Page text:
So get on with the “Go!” right? That’s what my friend said this week and I hope you’re ready for the “Go!” too. We are in week three of a four-week series we’re calling “Ready, Set, Go!” Ready covered all of the hard spiritual preparation you need to do to ready yourself for the call on your life or the challenge of a new season. Set is the place of greatest potential – you’re aligned with the God of love, you’re read up, prayed up, and friended up for the journey and awaiting the call of Christ to launch. Waiting for clarity, you listen: “Is that the voice of Christ? Is this the time?” ‘Set’ is often the hardest of the three. You can catch up on the first two sermons in the series on our website if you missed them. But today, the ‘Go’ has found us. All of your preparation, all of your hopes and nerves and patient (or less than patient) waiting are squeezed into the now. Some go it alone. Some go with God. Today we ask, “Who is powering your ‘go’?”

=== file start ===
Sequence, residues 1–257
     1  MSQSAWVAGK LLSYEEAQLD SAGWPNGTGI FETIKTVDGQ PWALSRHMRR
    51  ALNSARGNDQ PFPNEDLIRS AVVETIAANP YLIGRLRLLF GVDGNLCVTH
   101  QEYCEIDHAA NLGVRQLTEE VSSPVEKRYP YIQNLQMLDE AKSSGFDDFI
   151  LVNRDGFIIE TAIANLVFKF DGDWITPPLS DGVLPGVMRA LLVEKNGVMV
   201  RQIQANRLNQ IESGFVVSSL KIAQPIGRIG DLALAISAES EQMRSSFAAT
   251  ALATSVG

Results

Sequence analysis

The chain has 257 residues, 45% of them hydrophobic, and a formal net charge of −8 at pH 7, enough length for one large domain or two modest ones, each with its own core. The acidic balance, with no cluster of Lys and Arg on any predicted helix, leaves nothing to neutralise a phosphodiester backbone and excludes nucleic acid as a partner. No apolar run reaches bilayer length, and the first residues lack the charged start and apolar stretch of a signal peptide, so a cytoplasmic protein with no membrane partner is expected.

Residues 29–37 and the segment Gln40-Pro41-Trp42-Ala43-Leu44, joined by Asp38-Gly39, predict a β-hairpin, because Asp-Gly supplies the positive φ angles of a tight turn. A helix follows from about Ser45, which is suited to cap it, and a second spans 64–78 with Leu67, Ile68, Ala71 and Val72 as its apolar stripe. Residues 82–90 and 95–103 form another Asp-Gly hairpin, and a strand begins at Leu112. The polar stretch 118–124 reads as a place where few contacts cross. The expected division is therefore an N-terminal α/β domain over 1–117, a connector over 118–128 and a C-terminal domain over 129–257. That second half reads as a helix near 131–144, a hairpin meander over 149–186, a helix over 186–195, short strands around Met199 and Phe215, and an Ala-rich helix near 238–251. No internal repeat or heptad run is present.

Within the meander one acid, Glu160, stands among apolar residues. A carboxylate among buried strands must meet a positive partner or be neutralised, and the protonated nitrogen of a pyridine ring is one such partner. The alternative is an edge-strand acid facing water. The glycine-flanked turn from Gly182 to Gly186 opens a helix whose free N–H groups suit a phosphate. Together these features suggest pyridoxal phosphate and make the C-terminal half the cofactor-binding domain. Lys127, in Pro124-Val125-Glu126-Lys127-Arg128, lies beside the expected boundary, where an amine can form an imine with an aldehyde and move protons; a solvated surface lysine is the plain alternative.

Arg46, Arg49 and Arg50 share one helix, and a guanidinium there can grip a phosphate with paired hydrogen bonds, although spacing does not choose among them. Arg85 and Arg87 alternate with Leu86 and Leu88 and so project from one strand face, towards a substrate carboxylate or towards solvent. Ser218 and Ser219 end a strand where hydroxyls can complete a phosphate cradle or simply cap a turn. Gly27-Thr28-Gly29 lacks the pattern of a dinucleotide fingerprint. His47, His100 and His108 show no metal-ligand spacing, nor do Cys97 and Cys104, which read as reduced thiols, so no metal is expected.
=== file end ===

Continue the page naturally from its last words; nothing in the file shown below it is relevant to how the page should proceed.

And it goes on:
David’s not yet the King. Not even close really. He’s just a back-to-school kid who tended his father’s sheep as a summer gig. David was quite clear about who was powering his ‘go’. Imagine David wearing a go-pro camera and the view that would provide for you and me. When the Philistine army put out their program with their soldier’s stats (height, weight, year in school), Goliath stuck out. The text says, Goliath’s height was “six cubits and a span,” which is about 9 feet 9 inches. I also know every coach bolsters those numbers in the program to intimidate the other side. The text of Samuel found among the Dead Sea Scrolls, as well as other early textual witnesses, puts the figure at 6 feet 9 inches, which, while still gigantic perhaps, is more in the Andre the Giant realm. All of that detail is not overly important but you can imagine David’s view the day he faced the giant.